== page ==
Attempts to introduce same-sex marriage in Northern Ireland are set to be thwarted for at least another five years after the Democratic Unionists insisted they would continue to block a law change.
First Minister and DUP leader Arlene Foster said she would deploy the contentious vetoing mechanism - the petition of concern - in response to future legislative bids in the Stormont Assembly.
Mrs Foster insisted her party was not anti-gay, but said the torrent of online abuse she received from LGBT activists demanding a law change had made it even less likely for the DUP to support their calls.
"Some of the abuse that is directed at me and colleagues online is very, very vicious and I think if activists want to have a conversation about where they are coming from do they seriously think they are going to influence me by sending me abuse?" she asked.
"No, they are not going to influence me by sending me abuse - in fact they are going to send me in the opposite direction and people need to reflect on that."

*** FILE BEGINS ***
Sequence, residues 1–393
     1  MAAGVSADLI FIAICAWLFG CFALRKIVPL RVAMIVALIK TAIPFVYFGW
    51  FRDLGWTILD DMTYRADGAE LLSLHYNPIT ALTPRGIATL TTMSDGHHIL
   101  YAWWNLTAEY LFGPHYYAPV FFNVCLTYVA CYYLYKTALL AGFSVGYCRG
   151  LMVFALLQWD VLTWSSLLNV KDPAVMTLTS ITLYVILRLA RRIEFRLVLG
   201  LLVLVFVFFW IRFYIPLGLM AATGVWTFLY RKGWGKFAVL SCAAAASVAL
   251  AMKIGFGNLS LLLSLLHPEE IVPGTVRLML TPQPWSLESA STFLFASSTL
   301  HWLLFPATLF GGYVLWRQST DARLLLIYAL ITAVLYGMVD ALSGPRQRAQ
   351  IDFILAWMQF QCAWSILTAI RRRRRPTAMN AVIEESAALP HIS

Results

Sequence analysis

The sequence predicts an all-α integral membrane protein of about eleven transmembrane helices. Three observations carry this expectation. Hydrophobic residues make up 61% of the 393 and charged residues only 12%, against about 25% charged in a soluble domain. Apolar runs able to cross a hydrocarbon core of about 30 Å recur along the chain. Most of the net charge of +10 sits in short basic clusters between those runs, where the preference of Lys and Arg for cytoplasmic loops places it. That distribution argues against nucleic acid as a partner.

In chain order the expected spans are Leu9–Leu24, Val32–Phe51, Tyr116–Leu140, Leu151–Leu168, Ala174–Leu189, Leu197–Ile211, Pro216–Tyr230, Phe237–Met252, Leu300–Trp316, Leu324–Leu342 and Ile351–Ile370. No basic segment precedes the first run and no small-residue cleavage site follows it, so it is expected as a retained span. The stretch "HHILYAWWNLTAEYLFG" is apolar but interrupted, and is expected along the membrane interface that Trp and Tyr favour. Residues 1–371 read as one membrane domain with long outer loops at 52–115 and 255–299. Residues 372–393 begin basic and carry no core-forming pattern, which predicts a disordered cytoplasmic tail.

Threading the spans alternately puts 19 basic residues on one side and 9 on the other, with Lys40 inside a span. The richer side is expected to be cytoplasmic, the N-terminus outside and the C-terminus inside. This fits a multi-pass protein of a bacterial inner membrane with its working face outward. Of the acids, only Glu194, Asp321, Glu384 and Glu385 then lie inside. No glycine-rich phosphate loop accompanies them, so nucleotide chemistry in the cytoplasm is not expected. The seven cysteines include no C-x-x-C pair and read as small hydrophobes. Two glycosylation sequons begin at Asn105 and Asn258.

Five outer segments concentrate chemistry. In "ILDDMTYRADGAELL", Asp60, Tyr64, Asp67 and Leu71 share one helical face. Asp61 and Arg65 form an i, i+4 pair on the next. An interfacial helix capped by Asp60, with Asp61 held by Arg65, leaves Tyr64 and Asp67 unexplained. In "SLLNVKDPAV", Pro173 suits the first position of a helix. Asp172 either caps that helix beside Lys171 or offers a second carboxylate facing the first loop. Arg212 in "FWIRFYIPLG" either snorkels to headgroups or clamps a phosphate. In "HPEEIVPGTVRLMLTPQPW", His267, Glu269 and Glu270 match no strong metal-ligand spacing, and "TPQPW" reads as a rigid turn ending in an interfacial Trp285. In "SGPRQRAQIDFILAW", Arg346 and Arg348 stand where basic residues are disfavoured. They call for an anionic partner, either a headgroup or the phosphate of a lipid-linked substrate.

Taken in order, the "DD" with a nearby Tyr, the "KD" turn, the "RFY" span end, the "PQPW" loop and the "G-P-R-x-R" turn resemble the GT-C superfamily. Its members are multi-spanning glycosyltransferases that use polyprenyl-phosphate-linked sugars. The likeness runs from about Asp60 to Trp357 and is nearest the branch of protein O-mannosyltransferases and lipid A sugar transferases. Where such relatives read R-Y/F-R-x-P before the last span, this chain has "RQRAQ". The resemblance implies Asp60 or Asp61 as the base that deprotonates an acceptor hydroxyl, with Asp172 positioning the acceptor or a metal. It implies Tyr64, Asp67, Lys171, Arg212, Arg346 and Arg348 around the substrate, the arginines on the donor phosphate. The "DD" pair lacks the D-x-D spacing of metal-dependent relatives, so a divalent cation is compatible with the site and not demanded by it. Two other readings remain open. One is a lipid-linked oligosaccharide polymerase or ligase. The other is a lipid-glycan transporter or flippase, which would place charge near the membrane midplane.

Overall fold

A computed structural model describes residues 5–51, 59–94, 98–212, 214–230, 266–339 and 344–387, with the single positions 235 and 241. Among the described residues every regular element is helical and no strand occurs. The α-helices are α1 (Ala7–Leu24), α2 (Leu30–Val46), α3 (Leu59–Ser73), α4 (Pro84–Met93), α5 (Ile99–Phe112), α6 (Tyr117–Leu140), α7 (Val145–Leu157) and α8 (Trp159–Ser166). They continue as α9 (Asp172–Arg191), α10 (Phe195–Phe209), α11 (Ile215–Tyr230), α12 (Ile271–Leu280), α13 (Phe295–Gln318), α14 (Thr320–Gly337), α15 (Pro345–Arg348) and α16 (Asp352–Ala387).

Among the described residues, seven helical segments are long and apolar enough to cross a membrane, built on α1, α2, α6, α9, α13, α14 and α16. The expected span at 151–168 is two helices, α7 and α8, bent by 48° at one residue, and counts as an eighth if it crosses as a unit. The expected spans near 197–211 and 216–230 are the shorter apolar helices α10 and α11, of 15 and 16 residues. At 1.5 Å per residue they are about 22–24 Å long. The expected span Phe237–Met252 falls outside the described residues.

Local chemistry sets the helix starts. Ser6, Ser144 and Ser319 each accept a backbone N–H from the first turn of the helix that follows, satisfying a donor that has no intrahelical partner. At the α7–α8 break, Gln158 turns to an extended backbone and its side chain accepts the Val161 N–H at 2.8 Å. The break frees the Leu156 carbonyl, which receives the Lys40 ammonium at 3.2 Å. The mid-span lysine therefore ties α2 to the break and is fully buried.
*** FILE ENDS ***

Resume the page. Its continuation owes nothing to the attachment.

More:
Mrs Foster said her willingness to use the petition of concern voting tool reflected her party's strong determination to protect the traditional definition of marriage.
"Why would we, when we feel so strongly about the definition of marriage and the redefining of it, why would we give away that tool," she said.
Although a slim majority of MLAs voted in favour of lifting the ban when it was debated for a fifth time last November, the proposal fell when the DUP deployed a petition.
A petition of concern was enshrined in Assembly structures as a way to protect minority interests. A valid petition requires the signatures of 30 MLAs. The DUP has 38 seats (including the speaker) for the current mandate, which ends in 2021.
A number of Assembly members are hoping to launch further Assembly bids to change the law through private members' bills this mandate. But they too would flounder in the face of a valid petition.
Mrs Foster said her party was keen for a conversation about scrapping the petition mechanism but she claimed other parties were not up for it.
She highlighted that Sinn Fein used the petition the most times in the last mandate.
"It's there to use and we will use as long as we have the ability to use it," she said.
"If others want to have discussions about getting rid of it completely, then we are up for that discussion."
Mrs Foster insisted those who claimed her party was anti-gay were mistaken.
"They are wrong and they need to understand why we take those positions from a faith point of view and why we want to protect the definition of marriage," she said.
"I could not care less what people get up to in terms of their sexuality, that's not a matter for me, when it becomes a matter for me is when people try to redefine marriage."